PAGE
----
Tales of a Wayside Inn/Part Second/The Poet's Tale/Interlude
Well pleased the audience heard the tale.:
The Theologian said: "Indeed,
To praise you there is little need;
One almost hears the farmers flail
Thresh out your wheat, nor does there fail
A certain freshness, as you said,
And sweetness as of home-made bread.
But not less sweet and not less fresh
Are many legends that I know,
Writ by the monks of long-ago,
Who loved to mortify the flesh,
So that the soul might purer grow,
And rise to a diviner state;
And one of these--perhaps of all
Most beautiful--I now recall,
And with permission will narrate;
Hoping thereby to make amends
For that grim tragedy of mine,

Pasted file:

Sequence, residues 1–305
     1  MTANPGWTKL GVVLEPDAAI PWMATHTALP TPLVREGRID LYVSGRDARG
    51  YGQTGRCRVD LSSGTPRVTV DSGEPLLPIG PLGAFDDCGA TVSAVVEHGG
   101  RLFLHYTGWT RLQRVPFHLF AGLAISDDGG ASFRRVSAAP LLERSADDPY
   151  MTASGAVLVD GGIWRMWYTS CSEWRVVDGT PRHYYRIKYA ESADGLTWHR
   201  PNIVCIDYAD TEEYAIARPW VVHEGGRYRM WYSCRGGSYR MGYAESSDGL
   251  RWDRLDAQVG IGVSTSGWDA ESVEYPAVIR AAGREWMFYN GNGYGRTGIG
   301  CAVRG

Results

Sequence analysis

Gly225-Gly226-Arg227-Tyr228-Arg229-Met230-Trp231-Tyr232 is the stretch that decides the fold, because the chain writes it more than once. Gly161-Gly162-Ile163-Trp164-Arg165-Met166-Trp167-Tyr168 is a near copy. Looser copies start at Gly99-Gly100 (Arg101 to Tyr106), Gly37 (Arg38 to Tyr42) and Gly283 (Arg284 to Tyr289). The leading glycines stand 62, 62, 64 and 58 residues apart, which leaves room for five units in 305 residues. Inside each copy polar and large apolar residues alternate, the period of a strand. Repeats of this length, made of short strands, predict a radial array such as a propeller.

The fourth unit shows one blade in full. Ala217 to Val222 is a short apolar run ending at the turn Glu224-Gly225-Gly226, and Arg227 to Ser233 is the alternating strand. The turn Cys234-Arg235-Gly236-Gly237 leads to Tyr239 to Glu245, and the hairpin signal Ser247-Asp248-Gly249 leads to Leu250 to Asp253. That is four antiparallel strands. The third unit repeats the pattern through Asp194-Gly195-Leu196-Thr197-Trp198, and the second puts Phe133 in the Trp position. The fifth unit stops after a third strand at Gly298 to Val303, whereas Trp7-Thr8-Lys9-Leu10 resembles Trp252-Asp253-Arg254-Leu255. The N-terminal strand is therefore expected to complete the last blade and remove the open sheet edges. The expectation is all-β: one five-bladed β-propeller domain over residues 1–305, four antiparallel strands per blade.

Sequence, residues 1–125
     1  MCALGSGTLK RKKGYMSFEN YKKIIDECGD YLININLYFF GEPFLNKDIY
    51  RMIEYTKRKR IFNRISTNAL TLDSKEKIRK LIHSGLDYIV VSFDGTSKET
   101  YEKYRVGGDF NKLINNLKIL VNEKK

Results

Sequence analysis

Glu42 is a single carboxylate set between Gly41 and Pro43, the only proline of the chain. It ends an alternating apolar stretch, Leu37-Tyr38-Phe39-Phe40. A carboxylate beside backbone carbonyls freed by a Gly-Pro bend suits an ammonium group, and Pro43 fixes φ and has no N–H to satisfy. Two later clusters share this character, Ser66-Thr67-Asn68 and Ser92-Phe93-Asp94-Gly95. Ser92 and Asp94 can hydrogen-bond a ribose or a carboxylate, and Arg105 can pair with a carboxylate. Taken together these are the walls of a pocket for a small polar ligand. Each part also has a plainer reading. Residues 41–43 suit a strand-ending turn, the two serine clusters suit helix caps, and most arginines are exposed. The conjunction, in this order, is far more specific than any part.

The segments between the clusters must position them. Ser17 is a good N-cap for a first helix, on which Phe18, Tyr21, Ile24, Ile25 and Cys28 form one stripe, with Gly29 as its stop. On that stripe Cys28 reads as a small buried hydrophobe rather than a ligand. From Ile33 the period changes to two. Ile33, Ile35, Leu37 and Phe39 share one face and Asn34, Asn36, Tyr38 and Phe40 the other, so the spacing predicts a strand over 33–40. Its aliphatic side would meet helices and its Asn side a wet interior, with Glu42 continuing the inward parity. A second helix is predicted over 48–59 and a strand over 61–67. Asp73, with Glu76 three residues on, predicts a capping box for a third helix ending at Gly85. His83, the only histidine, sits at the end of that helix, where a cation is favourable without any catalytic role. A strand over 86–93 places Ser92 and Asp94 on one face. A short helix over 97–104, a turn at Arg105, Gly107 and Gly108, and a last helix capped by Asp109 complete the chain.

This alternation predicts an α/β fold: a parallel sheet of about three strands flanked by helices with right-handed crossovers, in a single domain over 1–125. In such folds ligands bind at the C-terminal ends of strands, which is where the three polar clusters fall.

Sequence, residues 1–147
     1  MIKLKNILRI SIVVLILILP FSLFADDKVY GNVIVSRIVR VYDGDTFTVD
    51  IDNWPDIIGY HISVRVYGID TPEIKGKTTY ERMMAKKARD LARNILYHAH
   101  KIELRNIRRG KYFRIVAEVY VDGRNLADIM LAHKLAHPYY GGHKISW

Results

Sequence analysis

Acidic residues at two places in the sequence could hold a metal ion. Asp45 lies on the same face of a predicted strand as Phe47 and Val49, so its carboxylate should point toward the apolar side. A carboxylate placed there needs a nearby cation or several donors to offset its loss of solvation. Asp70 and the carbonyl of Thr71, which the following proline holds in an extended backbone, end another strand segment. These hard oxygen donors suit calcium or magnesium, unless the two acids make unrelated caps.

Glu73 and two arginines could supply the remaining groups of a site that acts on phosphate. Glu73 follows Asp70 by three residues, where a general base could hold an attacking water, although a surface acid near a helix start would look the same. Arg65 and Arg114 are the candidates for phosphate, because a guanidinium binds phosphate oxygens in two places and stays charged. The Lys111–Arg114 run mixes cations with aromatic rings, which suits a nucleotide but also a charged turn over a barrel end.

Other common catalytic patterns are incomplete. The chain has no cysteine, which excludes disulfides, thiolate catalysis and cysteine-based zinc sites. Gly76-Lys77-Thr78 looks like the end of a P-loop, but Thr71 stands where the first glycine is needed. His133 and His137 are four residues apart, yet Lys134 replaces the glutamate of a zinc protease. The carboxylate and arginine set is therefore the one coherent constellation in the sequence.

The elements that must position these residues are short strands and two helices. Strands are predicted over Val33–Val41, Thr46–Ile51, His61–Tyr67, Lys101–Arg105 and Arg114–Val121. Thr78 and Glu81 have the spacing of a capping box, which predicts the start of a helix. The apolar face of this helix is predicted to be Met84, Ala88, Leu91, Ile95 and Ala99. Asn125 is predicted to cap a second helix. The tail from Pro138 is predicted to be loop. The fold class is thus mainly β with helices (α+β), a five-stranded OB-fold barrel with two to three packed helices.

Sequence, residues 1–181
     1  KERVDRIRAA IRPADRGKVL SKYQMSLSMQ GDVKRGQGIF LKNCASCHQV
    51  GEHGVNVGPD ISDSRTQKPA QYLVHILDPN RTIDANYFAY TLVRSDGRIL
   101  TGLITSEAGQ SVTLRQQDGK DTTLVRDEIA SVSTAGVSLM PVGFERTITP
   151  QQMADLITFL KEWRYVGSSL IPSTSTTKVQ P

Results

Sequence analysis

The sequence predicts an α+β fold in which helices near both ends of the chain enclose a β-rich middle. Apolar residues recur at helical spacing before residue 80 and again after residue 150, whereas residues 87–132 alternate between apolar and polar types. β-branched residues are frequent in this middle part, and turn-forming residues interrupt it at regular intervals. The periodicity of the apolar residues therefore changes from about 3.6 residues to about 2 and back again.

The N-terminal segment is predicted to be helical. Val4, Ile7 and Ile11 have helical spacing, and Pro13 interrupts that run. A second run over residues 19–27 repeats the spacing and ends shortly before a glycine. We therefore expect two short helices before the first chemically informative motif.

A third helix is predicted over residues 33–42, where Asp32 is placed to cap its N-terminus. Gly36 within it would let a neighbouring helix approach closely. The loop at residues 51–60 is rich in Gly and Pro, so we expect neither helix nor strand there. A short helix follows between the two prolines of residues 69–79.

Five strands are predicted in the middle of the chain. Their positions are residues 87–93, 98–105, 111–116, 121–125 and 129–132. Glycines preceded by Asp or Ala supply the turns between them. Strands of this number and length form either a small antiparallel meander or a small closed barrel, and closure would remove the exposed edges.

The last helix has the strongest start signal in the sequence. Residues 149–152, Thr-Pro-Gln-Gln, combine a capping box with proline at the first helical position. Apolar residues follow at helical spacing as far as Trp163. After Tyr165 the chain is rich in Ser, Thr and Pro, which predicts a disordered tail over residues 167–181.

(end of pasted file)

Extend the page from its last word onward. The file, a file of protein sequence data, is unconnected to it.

As strong and black as Spanish wine,
I told last night, and wish almost
It had remained untold, my friends;
For Torquemada's awful ghost
Came to me in the dreams I dreamed,
And in the darkness glared and gleamed
Like a great lighthouse on the coast."
The Student laughing said: "Far more
Like to some dismal fire of bale
Flaring portentous on a hill;
Or torches lighted on a shore
By wreckers in a midnight gale.
No matter; be it as you will,
Only go forward with your tale."